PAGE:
New insight into how thigmomorphogenesis affects Epipremnum aureum plant development

Nova compreensão sobre como a thigmomorfogênese afeta o desenvolvimento de plantas de Epipremnum aureum

Adalberto Di Benedetto Claudio Galmarini Jorge Tognetti About the authors


Climbing Epipremnum aureum plants develop larger leaves than unsupported, hanging plants. This effect may be regarded, in part, as a thigmomorphogenic response, but gravimorphogenetic effect may also be involved, since polar auxin transport is known to be negatively affected in plants with horizontal or hanging stems, which may result in an altered hormone balance at the whole plant level. The present work was aimed at studying how exogenous auxins and cytokinins may influence growth of E. aureum rooted cuttings under different training systems. Rooted cuttings of E. aureum were cultivated either climbing on an upright wooden board or creeping on the glasshouse bench or hanging from a basket. All leaves of each plant were sprayed to run-off at sunset with four indole-3-acetic acid (IAA) doses 7 days after transplanting and one week later, with four benzylaminopurine (BAP) concentrations, rendering 16 hormone combination treatments. The application of IAA or BAP at 50 mg L-1 to creeping and hanging plants significantly promoted growth but, in climbing plants, a negative effect was generally observed. Changes in net assimilation and photosynthetic rates, together with modified allometric coefficients, accounted for these responses. The higher growth promotion by exogenous growth regulators observed in creeping or hanging plants compared to climbing plants, may be interpreted mostly as a gravimorphogenetic response.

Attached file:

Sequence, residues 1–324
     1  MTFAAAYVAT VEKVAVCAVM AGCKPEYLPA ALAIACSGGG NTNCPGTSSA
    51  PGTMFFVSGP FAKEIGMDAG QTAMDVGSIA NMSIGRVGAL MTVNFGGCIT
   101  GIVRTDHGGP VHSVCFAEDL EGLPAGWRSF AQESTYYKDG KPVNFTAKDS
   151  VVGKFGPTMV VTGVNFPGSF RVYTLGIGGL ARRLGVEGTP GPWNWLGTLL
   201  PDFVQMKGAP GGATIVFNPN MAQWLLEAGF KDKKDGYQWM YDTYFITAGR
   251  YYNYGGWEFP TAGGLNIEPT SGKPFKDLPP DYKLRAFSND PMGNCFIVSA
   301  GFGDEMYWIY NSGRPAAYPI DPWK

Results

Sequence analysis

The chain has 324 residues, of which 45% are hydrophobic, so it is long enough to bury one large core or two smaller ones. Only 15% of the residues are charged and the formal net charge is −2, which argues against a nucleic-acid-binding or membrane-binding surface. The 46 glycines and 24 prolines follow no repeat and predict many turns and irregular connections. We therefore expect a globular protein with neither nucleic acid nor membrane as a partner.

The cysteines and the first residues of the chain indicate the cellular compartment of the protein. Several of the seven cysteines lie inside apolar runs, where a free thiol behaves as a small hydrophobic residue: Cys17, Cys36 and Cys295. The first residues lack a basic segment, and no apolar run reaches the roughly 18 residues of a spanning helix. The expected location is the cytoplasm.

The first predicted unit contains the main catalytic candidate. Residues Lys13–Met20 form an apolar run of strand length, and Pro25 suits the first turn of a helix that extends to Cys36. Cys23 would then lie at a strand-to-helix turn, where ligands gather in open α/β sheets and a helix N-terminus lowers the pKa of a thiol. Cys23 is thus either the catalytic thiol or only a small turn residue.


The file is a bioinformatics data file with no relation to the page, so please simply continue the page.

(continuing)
auxin; citokinin; foliage plants; gravitropism; leaf growth; leaf anatomy; photosynthesis

Associação Brasileira de Horticultura UFRPE (Universidade Federal Rural de Pernambuco, Rua Manoel de Medeiros s/n, Dois Irmãos,, 52171-900 Recife-PE, Tel. (81) 3320 6064, - Vitoria da Conquista - BA - Brazil